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Friday, October 20, 2017
Red Notes From a Blue State - Government By Gimmick: Malloy Republicanizes His Fourth Budget
Democrat and Republican leaders in the General Assembly announced they were
close to reaching agreement on a compromise budget, Governor Dannel Malloy
offered his fourth budget, Republicanized, some believe, to make it acceptable
to the “turncoat Democrat legislators” who had rejected Malloy’s third budget
and embraced a Republican offering, the only budget so far accepted by both Houses of the General Assembly.
Malloy pitched his
fourth getting and spending plan to querulous reporters as a "lean, no-frills,
no-nonsense budget,” inviting comparisons to his previous offerings,
which were, one is entitled to presume, fat, union-friendly, and replete
with the usual frills and nonsense. Malloy’s third budget factored in a SEBAC
deal that assures state union workers raises of 3.5 percent per year, following
a temporary 3 year wage freeze, until the expiration of union favorable
contracts in 2027. The SEBAC deal also prevents future Governors, Democrat or
Republican, from discharging deficits through lay-offs, the most overused
implement in Malloy’s own gubernatorial tool box.
Malloy’s fourth and
final budget may be a somewhat desperate attempt on his part to remain relevant
as the minutes of his final term as governor tick down to zero, a legacy
disappearance from the political scene in January 2019 does not mean that
Republicans will be deprived of a juicy political target when elections roll
around in November 2018. The Governor’s policies will continue to influence
state government long after he has faded into the political woodwork.
Author Don Pesci
rating has always been in the dumps, his personality prickly and on occasion abusive,
especially towards Republicans. Colin McEnroe, the Aristophanes of political
commentators in Connecticut, who miraculously remains untainted by conservative
notions, tagged Malloy as a porcupine in more than one of his columns, a
designation Malloy, during a rare confessional moment, haplessly pinned on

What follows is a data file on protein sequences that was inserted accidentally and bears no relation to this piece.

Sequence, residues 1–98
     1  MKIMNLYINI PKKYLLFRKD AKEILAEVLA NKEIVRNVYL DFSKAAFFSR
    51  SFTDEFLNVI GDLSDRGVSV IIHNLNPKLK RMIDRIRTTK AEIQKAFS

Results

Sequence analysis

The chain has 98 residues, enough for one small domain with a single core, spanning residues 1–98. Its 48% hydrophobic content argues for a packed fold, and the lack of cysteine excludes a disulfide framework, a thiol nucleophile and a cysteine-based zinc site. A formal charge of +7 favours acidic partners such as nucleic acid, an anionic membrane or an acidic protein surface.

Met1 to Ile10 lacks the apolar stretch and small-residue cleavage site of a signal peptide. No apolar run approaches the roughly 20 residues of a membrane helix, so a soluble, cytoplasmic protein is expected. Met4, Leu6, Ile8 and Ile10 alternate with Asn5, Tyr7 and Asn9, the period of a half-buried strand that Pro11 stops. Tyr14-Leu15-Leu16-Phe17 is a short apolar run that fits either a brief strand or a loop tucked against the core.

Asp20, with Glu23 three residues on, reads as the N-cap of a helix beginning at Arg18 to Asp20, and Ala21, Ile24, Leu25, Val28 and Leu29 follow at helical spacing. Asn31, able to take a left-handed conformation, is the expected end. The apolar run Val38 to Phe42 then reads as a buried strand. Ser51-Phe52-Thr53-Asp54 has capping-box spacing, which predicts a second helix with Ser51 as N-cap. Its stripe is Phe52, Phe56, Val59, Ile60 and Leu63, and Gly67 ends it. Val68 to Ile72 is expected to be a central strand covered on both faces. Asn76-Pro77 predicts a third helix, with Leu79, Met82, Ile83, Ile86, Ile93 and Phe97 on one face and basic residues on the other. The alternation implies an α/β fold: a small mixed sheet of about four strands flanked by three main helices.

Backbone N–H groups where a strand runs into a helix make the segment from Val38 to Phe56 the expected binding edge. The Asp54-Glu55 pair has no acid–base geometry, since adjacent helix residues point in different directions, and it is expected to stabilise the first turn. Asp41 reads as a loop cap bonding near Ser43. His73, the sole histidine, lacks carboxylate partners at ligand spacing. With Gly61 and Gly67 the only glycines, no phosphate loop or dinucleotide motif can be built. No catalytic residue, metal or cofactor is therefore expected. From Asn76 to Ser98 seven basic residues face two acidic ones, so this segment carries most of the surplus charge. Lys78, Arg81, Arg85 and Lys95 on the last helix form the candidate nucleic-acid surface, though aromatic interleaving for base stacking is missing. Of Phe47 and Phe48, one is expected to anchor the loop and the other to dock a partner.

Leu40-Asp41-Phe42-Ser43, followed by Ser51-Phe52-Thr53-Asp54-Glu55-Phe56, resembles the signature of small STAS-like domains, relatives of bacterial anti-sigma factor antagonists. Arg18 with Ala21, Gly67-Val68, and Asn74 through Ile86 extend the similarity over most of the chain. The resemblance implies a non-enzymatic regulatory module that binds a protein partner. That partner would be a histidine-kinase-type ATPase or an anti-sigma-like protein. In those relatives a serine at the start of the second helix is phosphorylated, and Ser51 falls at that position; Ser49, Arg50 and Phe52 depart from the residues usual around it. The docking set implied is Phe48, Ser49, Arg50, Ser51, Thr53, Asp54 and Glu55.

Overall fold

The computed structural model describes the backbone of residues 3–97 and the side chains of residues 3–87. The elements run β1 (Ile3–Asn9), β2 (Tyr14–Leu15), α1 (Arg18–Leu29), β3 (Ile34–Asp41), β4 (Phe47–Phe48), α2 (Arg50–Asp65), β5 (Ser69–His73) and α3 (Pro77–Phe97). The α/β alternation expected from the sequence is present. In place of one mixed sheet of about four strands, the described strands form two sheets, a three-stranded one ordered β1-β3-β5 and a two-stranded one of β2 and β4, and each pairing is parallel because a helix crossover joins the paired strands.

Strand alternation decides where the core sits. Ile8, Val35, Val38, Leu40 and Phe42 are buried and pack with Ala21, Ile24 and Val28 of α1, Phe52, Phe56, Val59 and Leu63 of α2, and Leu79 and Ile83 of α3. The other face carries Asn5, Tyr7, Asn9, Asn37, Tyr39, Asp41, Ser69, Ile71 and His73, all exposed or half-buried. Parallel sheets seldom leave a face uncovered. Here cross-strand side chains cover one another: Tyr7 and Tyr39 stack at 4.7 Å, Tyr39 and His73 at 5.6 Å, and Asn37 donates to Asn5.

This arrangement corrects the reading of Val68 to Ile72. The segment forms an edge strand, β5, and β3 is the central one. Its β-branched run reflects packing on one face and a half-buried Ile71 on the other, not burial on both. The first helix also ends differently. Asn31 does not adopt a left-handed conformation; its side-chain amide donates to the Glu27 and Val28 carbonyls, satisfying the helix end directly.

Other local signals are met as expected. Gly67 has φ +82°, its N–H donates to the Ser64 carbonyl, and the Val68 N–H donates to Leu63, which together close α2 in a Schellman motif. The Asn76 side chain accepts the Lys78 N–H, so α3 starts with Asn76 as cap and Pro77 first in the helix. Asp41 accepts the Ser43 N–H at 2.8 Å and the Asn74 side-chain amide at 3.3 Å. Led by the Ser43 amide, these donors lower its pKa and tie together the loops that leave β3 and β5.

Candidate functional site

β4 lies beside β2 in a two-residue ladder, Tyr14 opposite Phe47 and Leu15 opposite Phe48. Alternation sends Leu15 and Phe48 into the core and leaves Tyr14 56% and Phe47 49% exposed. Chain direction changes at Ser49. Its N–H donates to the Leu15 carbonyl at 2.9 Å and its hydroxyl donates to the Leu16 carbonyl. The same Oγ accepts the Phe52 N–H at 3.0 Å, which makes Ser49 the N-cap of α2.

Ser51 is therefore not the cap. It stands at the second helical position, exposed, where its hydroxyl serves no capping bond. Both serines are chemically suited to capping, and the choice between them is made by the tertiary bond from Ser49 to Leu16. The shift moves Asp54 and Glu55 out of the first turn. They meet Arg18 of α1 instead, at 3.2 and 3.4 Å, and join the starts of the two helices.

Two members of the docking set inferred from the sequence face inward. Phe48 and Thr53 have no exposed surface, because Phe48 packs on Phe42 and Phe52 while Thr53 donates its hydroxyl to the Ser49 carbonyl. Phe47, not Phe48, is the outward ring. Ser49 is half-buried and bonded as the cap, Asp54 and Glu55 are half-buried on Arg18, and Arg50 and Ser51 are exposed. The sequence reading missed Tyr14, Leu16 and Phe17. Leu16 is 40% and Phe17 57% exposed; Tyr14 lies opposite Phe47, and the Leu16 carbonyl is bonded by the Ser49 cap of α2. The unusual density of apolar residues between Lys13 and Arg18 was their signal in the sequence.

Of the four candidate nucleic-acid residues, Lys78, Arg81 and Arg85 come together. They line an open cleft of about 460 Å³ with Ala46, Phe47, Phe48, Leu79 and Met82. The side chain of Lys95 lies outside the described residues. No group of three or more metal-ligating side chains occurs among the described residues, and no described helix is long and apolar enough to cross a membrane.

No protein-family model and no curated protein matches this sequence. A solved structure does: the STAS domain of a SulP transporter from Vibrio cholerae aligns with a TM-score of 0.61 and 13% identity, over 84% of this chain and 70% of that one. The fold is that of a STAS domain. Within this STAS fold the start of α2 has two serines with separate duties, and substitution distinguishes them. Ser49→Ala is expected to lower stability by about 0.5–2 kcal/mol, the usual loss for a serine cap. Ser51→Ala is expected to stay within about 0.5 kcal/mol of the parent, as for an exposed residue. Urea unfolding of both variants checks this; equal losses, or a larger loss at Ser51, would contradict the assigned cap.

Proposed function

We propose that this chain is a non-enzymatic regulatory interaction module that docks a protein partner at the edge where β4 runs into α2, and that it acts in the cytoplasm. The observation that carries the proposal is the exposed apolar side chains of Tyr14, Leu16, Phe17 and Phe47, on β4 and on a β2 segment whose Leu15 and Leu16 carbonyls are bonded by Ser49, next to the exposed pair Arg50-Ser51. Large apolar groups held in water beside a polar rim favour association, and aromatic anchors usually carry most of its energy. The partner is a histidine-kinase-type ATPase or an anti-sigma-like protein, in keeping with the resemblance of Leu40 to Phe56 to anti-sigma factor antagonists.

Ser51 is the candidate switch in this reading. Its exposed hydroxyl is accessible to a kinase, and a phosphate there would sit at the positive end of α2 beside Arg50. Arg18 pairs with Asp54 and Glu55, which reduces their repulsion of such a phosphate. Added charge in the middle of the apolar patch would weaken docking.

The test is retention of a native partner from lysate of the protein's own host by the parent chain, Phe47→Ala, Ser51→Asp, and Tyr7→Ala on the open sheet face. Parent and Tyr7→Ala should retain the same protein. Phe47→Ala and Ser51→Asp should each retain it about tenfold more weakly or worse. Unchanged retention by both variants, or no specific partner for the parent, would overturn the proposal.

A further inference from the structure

himself. This is not a man who has reached outside his own box to incorporate in
his thinking alien ideas, however fruitful.
In September, Malloy
and Democrat leaders in the General Assembly agreed to impose new tax
increases: a fee on ride share services and fantasy sports betting contests, a
surcharge on cell phone bills and the cancellation of $50 million in
indeterminate tax breaks, reduced in his new budget to $30 million. These
“unpopular tax increases” do not survive in Malloy’s fourth budget iteration.
Tax increases have become unpopular because Democrats have gone to the tax well
too often; Malloy is the author of the largest and the second largest tax
increases in state history.
Malloy’s goals in
putting together his most recent budget, he said, were simple: to “eliminate
unpopular tax increases, incorporate ideas from both parties, and shrink the
budget and its accompanying legislation down to their essential parts.” Plucked
out of Malloy’s newest budget are pages and pages of implementer language. Big
spenders do not like implementers that actually implement their intentions.
Several months ago, Attorney General George Jepsen found that the
Constitutional cap on spending attached to then Governor Lowell Weicker’s
income tax bill was unconstitutional because legislators had never supplied
definitions necessary to implement the tax cap, an unfortunate oversight. In
his more contented moods, Malloy quite correctly might have called the quarter century
old dead spending cap a gimmick.
Malloy himself is no
stranger to gimmickry. For instance, when you eliminate a proposed tax
increase, you have not cut spending. When you overestimate prospective tax
receipts for the purpose of balancing a budget, you have not balanced the
budget; your overestimation will appear later as a deficit. When you sweep
dedicated funds, crack open lockboxes and dump the loot onto the General Fund,
you have successfully fooled all the people all the time. When you extend far into the future negotiated
contract terms favorable to unions, you have deprived future governors and
legislators of tools they must use to reduce future deficits; and in the
absence of permanent, long-term spending cuts, future deficits will be a
permanent fixture of Connecticut’s future budgets.
To read the rest of Don's commentary, visit his web site.